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Sigler v. Sigler

Supreme Court of South Dakota

December 13, 2017

THERESA SIGLER, Plaintiff and Appellant,
v.
ARRON SIGLER, Defendant and Appellee.

          CONSIDERED ON BRIEFS ON AUGUST 28, 2017

         APPEAL FROM THE CIRCUIT COURT OF THE SEVENTH JUDICIAL CIRCUIT PENNINGTON COUNTY, SOUTH DAKOTA THE HONORABLE MATTHEW M. BROWN Judge

          PATRICIA A. MEYERS Attorney for plaintiff and appellant.

          ROBERT J. GALBRAITH of Nooney & Solay, LLP Attorneys for defendant and appellee.

          KERN, JUSTICE

         [¶1.] At the time of their divorce in May 2011, Arron and Theresa Sigler stipulated that Theresa would have primary physical custody of their child T.S. In March 2016, Arron filed a motion for joint custody of T.S., a visitation schedule, and a shared parenting child support cross-credit under SDCL 25-7-6.27. The circuit court granted Arron joint custody and the cross-credit because T.S. resided with Arron seven out of every fourteen days. In making this decision, the court found that application of the cross-credit would not have a "substantial negative effect" on T.S.'s standard of living and that Theresa's budget showed she lived beyond her means. The circuit court reduced Arron's net monthly child support payment from $442 per month to $25 per month. Theresa appeals, arguing the circuit court made erroneous findings of fact and abused its discretion by granting the cross-credit. We reverse and remand for further proceedings.

         Facts and Procedural History

         [¶2.] On May 31, 2011, Theresa and Arron Sigler divorced. The parties had three children[1] and agreed by stipulation that primary physical custody of J.S. (born October 1, 1999) would go to Arron and Theresa would take primary physical custody of T.S. (born March 5, 2004). The court ordered Arron pay $361 per month in child support to Theresa.

         [¶3.] Following the divorce, Theresa had another child, J.F. J.F.'s father is obligated to pay $630 in child support payments per month but is more than $11, 000 in arrears. On January 23, 2015, Theresa filed a petition to modify child support, and on February 27, 2015, the parties appeared telephonically before the court-appointed referee Lee Ann Pierce (Referee) for hearing on the petition. Theresa sought an upward deviation due to costs associated with raising J.F., who was then seventeen months old. In response, Arron requested a downward deviation of his child support obligation, citing the fact that T.S. now resided with him approximately 50% of the time.

         [¶4.] The Referee determined that "[c]ircumstances [had] changed substantially since the entry of the previous order in that the parties' incomes [had] changed." In analyzing whether to deviate downward from that number, the Referee examined the gross incomes and respective financial conditions of the parties. Arron earned approximately $83, 911 per year with an adjusted monthly gross income of $4, 600 and contributed $490 per month toward his retirement accounts. Theresa earned approximately $25, 980 per year with an adjusted monthly gross income of $1, 789, and she made no contributions toward retirement. The Referee found that the parties' combined adjusted gross income totaled $6, 389, with Theresa contributing 28% and Arron contributing 72%. The Referee identified that two children were to be supported and that the child support obligation of the parties for each child was $1, 068.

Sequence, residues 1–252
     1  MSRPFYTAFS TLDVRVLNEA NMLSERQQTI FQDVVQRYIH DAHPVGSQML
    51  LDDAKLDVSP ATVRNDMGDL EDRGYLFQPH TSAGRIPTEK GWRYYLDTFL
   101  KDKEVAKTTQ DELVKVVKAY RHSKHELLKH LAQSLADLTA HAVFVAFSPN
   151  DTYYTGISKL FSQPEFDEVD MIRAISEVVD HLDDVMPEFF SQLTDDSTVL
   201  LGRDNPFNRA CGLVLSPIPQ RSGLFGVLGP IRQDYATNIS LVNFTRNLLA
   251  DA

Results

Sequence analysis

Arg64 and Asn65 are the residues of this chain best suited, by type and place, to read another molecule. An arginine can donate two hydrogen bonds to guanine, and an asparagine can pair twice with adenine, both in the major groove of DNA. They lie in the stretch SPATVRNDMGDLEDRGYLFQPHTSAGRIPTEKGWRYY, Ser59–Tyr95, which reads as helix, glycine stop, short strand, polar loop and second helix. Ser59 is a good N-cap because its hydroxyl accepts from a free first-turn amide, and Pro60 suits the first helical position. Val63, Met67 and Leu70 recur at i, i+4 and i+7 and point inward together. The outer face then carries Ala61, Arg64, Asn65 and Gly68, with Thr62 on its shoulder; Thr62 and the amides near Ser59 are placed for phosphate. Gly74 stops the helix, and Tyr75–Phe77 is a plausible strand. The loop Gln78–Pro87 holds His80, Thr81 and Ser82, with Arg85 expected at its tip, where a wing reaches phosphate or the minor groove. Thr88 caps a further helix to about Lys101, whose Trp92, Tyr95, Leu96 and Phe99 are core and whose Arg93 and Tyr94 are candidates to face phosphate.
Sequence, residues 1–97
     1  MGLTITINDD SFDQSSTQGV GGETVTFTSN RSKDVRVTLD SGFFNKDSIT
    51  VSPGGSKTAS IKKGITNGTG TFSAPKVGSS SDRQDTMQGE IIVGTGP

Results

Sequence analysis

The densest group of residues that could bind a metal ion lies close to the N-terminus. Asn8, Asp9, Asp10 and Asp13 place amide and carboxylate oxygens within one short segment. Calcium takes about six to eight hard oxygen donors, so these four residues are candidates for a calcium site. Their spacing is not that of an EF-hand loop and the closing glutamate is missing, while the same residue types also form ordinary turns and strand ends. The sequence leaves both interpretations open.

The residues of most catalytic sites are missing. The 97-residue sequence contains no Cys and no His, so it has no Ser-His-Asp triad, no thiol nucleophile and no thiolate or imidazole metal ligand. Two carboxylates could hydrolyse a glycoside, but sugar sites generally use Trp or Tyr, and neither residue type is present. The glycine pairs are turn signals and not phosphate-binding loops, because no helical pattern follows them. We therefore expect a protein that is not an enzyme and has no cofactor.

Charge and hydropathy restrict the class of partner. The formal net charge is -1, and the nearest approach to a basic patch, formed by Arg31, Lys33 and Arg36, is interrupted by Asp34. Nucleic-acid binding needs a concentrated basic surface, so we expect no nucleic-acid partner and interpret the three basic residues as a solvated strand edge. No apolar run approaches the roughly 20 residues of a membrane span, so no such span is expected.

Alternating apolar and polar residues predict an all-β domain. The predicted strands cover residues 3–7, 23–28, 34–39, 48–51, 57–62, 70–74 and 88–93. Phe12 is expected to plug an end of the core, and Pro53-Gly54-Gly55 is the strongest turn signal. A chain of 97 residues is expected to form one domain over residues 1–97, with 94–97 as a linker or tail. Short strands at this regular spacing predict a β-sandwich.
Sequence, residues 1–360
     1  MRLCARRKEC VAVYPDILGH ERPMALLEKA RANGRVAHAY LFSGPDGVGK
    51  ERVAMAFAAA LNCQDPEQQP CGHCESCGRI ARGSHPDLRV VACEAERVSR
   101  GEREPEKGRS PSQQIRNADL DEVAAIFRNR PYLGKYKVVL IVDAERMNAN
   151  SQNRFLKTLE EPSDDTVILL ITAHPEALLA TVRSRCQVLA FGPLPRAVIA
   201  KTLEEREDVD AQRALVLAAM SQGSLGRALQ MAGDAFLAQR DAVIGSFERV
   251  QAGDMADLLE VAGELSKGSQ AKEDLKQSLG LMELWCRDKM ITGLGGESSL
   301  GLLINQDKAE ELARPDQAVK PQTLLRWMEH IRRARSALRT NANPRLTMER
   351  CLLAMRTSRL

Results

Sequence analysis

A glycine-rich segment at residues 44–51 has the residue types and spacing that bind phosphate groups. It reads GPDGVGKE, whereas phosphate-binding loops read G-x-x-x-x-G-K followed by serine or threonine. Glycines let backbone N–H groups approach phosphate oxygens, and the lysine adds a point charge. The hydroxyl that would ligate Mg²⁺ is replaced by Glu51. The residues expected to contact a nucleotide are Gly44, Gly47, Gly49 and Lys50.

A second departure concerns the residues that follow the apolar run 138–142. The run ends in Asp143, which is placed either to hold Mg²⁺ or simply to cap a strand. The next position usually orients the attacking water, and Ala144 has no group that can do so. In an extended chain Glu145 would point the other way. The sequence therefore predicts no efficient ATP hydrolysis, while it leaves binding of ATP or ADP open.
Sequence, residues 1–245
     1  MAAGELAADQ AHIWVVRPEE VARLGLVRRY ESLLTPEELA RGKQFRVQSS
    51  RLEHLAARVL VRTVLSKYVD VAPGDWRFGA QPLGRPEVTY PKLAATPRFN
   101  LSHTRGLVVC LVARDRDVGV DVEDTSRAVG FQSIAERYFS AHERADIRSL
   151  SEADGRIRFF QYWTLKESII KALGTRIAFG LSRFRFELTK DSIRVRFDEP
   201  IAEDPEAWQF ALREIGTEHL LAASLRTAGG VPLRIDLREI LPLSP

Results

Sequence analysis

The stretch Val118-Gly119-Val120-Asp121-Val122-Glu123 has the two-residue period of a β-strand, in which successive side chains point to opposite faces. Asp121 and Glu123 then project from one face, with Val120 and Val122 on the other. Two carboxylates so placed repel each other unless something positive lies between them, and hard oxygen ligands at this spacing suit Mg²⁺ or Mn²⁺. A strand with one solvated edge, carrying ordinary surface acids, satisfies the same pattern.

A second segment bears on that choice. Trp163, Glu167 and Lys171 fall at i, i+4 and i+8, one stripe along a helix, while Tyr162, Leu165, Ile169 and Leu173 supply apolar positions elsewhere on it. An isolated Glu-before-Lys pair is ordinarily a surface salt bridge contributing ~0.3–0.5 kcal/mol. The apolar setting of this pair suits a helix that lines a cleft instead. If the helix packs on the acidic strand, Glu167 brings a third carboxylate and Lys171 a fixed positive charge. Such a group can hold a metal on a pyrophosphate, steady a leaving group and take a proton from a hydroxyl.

[¶5.] The Referee then calculated that Theresa should pay $299 per month in child support for J.S. based on her 28% share and that Arron should pay $769 per month in child support for T.S. based on his 72% share. The Referee declined to deviate upward despite Theresa having another child, J.F., in her care. Likewise, the Referee declined to deviate downward even though T.S. spent approximately seven out of every fourteen nights with Arron. The Referee also considered the parties' disparate incomes. Pursuant to SDCL 25-7-6.16, the Referee credited Arron with $28 of Theresa's pro rata share of the cost of the children's health insurance, leaving Arron with an obligation of $442 per month. Arron appealed the Referee's decision to the circuit court. On June 8, 2015, the circuit court affirmed, adopting the Referee's findings of fact and conclusions of law.

         [¶6.] On March 27, 2016, Arron filed a motion for change of child custody, support, and visitation. Arron sought to formalize the parties' arrangement because at the time of the motion, T.S. divided her time equally between her parents. Arron requested that the circuit court order a shared-parenting custody arrangement and apply a shared parenting child support cross-credit under SDCL 25-7-6.27, which provides in part:

If a custody order by the court, contains a detailed shared parenting plan which provides that the child will reside no less than one hundred eighty nights per calendar year in each parent's home, and that the parents will share the duties and responsibilities of parenting the child and the expenses of the child in proportion to their incomes, the court may, if deemed appropriate under the circumstances, grant a cross credit on the ...

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